Below are some frequently asked questions. Feel free to contact us with any other questions or concerns you may have regarding our practice!
Please take a moment to read our most commonly asked questions. We're always available to answer your questions and encourage you to contact our office if you have a question that is not answered below.
Q: What is a Pediatrician?
A: A pediatrician is a medical doctor who specializes in the care of children. Pediatricians have undergone special training in the health and illnesses of infants, teens and young adults, and the majority of pediatricians are certified by the American Board of Pediatrics after passing a comprehensive exam. Pediatricians provide preventive health care for children in good health and medical care for children who are acutely or chronically ill. They also provide parents with support and advice with issues such as growth and development, safety and prevention, nutrition, and emotional wellness to foster a lifetime of good health.
Q: Which doctor will my child see?
A: We make every effort to schedule your child with the primary care physician of your choice. However, we will sometimes offer appointments with a different clinician or a different location due to availability or specialty. Our scheduling staff should always confirm the clinician, location, date and time with you when scheduling.
Q: Can I meet my pediatrician before my baby is born?
A: Yes, in fact we strongly encourage parents-to-be to visit our office for a prenatal appointment. This is a great way to get acquainted with our office and our doctors. During this visit, we will answer any questions that you have about our practice or your new child. Visit our expectant parent's page for more information.
Q: How often should my child see the pediatrician?
A: Your child should not only see the pediatrician for an illness. It is also important to schedule well-child-care exams regularly, beginning in infancy. Also called well-care visits or checkups, these routine examinations provide the best opportunity for the doctor to observe the progress of your child's physical and mental growth and development; to counsel and teach parents; to detect problems through screening tests; to provide immunizations, and to get to know one another. Well-care visits are strongly recommended as part of preventive pediatric care.
Well-child visits are also a good time for parents to raise questions and concerns about a child's development, behavior, nutrition, safety and overall well-being
The American Academy of Pediatrics recommends this schedule for routine well-care visits:
- 3 to 5 days
- 1 month
- 2 months
- 4 months
- 6 months
- 9 months
- 12 months
- 15 months
- 18 months
- 24 months
- 30 months
- 3 years
- 4 years
And once every year thereafter for an annual health supervision visit that includes a physical exam as well as a developmental, behavioral, and learning assessment.
Q: What is the best way to schedule an appointment with your office?
A: You can schedule an appointment by calling our office during regular business hours, or by requesting an appointment online.
Q: Is your office accepting new patients?
A: Yes, we always welcome new patients. Contact our office for additional information or request an appointment.
Q: When does my child receive shots?
A: We follow the guidelines provided by the American Academy of Pediatrics in coordination with the Centers for Disease Control. Your child will receive shots based on availability and subject to your child's general health. Typically, a healthy child receives shots at 2, 4, 6, 12, 15, 18, and 24 months, 4-5 years and 11 years.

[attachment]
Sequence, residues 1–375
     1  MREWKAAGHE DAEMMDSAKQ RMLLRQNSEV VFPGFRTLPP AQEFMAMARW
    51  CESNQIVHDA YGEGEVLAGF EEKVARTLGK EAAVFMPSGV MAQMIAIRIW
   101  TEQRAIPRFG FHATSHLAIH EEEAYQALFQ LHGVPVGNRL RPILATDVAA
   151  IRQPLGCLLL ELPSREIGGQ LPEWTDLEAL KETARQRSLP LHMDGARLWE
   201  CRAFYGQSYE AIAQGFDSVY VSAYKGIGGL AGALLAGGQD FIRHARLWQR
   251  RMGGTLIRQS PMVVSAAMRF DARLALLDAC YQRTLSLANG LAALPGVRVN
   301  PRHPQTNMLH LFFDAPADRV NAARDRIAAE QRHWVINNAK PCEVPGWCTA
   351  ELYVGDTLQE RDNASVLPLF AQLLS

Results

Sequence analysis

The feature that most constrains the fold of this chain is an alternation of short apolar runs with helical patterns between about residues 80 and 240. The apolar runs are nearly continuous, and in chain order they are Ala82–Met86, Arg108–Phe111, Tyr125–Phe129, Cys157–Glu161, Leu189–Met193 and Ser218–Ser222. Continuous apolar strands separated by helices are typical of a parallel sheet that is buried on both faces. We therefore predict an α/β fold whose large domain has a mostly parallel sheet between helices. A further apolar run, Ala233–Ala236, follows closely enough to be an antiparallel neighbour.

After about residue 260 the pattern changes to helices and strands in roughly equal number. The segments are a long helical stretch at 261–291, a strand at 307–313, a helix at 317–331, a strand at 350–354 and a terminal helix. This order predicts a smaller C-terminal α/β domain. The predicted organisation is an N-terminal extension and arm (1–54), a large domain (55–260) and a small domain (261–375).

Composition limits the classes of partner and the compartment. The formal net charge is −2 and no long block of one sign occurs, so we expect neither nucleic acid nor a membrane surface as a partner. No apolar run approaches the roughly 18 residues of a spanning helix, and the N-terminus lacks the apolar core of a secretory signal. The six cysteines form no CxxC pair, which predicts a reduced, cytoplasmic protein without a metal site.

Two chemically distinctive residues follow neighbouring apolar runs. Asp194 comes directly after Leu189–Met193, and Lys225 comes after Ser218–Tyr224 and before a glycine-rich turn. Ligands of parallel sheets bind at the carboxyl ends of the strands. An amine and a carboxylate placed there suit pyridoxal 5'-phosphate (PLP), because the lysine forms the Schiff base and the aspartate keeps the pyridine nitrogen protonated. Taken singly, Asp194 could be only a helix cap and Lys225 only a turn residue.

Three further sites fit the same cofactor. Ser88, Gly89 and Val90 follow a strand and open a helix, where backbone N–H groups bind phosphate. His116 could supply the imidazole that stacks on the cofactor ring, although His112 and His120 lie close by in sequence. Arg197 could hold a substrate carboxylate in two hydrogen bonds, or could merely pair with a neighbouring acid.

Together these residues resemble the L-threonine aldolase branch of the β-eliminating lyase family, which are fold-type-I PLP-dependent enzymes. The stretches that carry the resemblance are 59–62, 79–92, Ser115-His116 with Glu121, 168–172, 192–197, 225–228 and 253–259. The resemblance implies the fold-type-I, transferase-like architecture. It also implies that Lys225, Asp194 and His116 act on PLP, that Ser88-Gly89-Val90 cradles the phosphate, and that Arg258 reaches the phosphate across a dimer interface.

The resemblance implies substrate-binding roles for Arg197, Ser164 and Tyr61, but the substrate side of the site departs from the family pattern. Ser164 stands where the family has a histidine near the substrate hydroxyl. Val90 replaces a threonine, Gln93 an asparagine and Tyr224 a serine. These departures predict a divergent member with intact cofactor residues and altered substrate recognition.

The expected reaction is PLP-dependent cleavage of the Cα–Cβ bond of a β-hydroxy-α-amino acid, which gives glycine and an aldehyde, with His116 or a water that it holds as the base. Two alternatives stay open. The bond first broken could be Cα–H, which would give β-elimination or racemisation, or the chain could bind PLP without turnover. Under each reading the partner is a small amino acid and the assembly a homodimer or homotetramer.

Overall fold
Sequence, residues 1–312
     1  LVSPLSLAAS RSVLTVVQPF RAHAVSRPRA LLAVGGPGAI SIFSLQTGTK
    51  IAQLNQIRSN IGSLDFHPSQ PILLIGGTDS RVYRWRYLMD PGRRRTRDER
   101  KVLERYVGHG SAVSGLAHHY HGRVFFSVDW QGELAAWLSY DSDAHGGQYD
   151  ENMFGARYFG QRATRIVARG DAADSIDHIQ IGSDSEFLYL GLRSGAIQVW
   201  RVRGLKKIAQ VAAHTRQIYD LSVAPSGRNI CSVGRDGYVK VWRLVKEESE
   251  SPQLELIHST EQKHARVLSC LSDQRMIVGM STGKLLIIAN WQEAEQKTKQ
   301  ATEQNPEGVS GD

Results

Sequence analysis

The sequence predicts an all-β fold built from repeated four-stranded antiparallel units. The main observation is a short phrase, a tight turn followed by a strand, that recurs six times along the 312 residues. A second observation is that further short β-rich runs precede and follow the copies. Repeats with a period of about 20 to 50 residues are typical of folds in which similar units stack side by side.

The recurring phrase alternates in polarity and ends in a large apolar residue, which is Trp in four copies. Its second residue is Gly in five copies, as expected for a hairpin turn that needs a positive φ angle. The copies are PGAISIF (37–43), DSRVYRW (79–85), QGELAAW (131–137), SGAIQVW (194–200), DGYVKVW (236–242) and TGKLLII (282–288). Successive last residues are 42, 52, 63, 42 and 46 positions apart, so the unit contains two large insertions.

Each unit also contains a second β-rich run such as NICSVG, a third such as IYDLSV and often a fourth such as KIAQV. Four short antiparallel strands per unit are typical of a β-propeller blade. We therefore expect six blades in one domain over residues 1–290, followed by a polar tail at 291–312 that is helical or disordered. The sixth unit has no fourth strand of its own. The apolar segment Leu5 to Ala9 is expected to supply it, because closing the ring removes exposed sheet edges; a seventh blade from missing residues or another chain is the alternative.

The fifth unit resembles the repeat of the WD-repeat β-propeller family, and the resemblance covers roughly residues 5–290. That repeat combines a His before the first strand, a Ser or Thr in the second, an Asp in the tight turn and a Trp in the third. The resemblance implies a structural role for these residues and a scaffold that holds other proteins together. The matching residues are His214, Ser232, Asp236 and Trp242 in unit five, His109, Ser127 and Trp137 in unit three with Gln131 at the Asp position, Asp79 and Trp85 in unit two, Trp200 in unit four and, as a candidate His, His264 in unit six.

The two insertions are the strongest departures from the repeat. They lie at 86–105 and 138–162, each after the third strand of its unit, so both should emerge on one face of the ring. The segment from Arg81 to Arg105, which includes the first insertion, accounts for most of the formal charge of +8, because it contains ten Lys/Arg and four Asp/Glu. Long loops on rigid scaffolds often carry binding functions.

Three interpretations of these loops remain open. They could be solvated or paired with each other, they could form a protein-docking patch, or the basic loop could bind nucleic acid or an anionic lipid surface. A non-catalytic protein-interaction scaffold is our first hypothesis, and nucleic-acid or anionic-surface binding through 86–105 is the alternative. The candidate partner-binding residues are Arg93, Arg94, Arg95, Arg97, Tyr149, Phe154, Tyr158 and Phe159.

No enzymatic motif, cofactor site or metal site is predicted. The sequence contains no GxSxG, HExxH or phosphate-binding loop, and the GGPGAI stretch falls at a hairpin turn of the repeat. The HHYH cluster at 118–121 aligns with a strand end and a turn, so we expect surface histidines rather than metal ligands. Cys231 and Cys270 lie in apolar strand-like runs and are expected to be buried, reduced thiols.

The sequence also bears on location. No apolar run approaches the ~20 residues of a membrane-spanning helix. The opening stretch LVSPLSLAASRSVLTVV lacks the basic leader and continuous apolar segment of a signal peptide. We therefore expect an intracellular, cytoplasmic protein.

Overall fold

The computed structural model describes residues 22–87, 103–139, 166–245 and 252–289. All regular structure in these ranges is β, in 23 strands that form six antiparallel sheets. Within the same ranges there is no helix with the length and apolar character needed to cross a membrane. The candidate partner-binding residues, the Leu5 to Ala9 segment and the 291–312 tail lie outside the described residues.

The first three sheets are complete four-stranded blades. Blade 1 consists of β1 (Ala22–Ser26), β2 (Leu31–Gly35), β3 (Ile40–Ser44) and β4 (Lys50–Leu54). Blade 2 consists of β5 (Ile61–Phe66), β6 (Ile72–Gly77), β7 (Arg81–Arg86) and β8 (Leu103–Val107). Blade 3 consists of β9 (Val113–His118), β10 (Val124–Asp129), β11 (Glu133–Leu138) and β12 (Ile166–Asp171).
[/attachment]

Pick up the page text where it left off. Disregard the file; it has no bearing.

Q: What if my child misses a shot?
A: We will follow the CDC guidelines for catch up immunization schedule based on your child's health and situation.
Catch Up Immunization Schedule
Q: Why does my child need to receive vaccinations?
A: Immunizations are a series of shots given to children at different ages to help ward off serious, and potentially fatal, childhood diseases. Making sure your child receives immunizations when scheduled is the best way to help protect your child from potentially fatal diseases. According to the American Academy of Pediatrics, vaccinations have reduced the number of infections from vaccine-preventable diseases by more than 90%. Our practice does not support non-vaccination for reasons other than documented immunocompromised children. If you're apprehensive about vaccinations, please do not hesitate to contact our office.
Q: How can I get a copy of my child's medical records?
A: You may utilize the Patient Portal to quickly view your child's previous appointments and medical summaries. If you wish to have a physical copy sent to another office, you will need to sign a medical records release authorization form. Fees may apply. Please allow ten days for us to send your child's records.
Q: I have to work. Can someone else bring my child to the office?
A: New patient appointments and behavioral health consults require a parent or legal guardian to be present. Established patients may be accompanied by an authorized adult. To authorize someone else to bring your child to an appointment, you must give that person your child's PIN number and insurance card. If you do not know your child's PIN number, please contact our office before your appointment.Contact Us
Q: I don't have my child's insurance card. Can we still be seen?
A: Yes, you can still be seen but you will be responsible for that day's charges.
Q: Can you bill me for my copay?
A: We do not bill for copays, they are due ate the time of service. We accept cash, check, Visa, MasterCard and Discover.